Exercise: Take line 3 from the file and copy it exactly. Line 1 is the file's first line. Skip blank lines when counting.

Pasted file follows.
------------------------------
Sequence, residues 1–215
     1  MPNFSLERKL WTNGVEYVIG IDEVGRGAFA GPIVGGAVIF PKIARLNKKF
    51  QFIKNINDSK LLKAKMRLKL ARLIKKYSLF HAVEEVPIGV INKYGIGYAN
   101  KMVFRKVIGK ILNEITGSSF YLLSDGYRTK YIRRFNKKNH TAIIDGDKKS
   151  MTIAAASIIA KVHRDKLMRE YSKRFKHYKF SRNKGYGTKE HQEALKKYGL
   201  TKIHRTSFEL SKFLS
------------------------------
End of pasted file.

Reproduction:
    51  QFIKNINDSK LLKAKMRLKL ARLIKKYSLF HAVEEVPIGV INKYGIGYAN